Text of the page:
|1-and-done is better than none|
|Written by Admin|
|Friday, 13 April 2007 04:17|
Durant had to lean down at the lectern to reach the microphone, and at the end of a short, gracious acceptance speech, he flashed an uncertain smile at the front row. There, his parents and grandmother sat and beamed back. He still looked like an 18-year-old kid to everybody present, but he was about to become a $40 million man with a lot more to worry about than his grades. It was a bittersweet moment.
We no longer debate whether youngsters as talented as Durant and Ohio State's Greg Oden should leave school early - no matter how reluctant either might have been - only in what order they're likely to get drafted by the NBA. Even so, the fact that they even wrestled with the decision is a sign of progress. We'll get to why in a moment.
Durant declared himself available Tuesday and while Oden was coy about his own plans at the Buckeyes' pep rally Wednesday night, he has only until April 29 to decide. Mike Conley Sr., who recently registered as an NBA agent and says he will represent Oden - as well as his own son, Mike Conley Jr., another Ohio State freshman who might turn pro - did not return a call Thursday. But it's hard to imagine Oden saying no.
Whether he gets picked first in the June draft, ahead of Durant, or just behind him at No. 2, there will be one contract worth close to $20 million over four years awaiting his signature the second after he shakes NBA commissioner David Stern's hand. A sneaker deal similar to the one Nike reportedly gave Durant would double the dare. Then there's the cautionary tale of Joakim Noah to consider.
Noah returned to Florida for his junior year along with teammates Al Horford and Corey Brewer to defend the Gators' first national title. He wound up playing against Oden in the championship game, won it, and then found out NBA scouts wished he had declared for the draft a season earlier. Noah didn't get a bill for his third year at school - he was on full scholarship - but the decision likely cost him a few million.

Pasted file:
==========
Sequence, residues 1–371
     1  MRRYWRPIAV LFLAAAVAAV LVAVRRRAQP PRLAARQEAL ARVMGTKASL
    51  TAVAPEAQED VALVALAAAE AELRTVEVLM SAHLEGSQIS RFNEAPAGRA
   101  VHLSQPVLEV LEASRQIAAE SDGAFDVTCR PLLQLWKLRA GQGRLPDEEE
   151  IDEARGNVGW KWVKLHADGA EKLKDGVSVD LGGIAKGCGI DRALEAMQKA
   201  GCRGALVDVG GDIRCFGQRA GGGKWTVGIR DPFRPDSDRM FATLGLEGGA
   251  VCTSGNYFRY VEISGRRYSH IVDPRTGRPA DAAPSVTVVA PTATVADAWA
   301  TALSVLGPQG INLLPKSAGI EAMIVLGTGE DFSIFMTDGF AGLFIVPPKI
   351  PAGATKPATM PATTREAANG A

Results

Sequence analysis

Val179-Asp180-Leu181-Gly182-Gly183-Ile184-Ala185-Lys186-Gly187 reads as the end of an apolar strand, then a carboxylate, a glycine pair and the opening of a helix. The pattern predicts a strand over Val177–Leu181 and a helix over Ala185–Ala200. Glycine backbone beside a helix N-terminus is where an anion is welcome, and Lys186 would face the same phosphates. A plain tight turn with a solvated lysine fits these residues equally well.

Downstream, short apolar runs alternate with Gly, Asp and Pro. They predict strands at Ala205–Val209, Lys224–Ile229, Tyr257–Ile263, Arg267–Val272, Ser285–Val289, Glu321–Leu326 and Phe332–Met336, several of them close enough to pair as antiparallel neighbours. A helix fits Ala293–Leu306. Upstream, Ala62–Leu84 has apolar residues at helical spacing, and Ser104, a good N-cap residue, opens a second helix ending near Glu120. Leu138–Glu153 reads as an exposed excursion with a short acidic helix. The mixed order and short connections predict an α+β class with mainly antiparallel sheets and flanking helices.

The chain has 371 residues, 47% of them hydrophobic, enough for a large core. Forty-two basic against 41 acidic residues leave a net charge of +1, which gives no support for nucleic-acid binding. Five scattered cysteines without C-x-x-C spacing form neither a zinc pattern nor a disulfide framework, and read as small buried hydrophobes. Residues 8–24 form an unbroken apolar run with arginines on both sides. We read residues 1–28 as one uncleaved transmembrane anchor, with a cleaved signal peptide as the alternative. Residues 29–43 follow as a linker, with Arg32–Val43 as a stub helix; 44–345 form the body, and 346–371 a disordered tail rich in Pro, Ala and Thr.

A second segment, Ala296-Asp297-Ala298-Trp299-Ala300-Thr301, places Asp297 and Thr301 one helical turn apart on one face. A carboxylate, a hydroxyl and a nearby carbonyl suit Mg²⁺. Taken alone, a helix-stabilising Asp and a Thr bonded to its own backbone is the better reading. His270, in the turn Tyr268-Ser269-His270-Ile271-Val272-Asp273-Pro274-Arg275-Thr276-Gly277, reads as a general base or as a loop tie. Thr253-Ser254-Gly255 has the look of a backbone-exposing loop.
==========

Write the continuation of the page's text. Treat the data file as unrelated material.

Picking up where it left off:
So, is one-and-done any better than players jumping straight to the pros from high school?
When Stern won a small concession from the players' union in July 2005, and effectively pushed the league's age minimum to 19 and a year out of high school, it was easy to be cynical about the answer. The decision was still being balanced on the backs of the kids and the league was going to win, either way. It was still assured of a steady supply of talent, and whether a season on campus made those kids more mature was up to them. On that admittedly slim evidence, it's been a win-win proposition.
Coming up with an age-minimum has been a headache for all of pro sports, but it has fallen disproportionately to Stern and the NBA to come up with a remedy. Unlike the NFL, a handful of players could make the jump from high school to Stern's league, and unlike MLB, few were good enough early enough to dominate the headlines.
But Stern fought to force his future employees to do one season in college, anyway. Asked about that decision the other night, he took full credit for what looks to be a shrewd business decision. Stern claimed he didn't have Oden or Durant in mind when he lowered the age-minimum, but he wasn't cursing his good luck, either.
``We are going to have a lot of the attention and the hype ... because there are going to be a lot of good players in this draft and a lot of them are going to be very tall,'' Stern said. ``So we've got a lot of teams thinking that they've got a selection to make that's going to be that decade-long choice.''
The flip side is that NCAA coaches and the kids they were recruiting benefited, too. They got a breather, knowing they were locked up for at least one season together, and there was even a ripple effect. A few of the best sophomores stuck around as well - besides the Florida trio, UCLA's Aaron Afflalo returned for one more year. College basketball was a better game for the added depth.
The downside is that Noah and the next young man who becomes the model for the stay-in-school crowd might have regrets. But just like Noah, Durant and Oden demonstrated, at the very least, that they learned enough during their season on campus to make an informed choice. And at a time when child actors, gymnasts, skaters and others are being rushed to the stage at breakneck speed, you can't ask for more than that.
Jim Litke is a national sports columnist for The Associated Press. Write to him at jlitkeap.org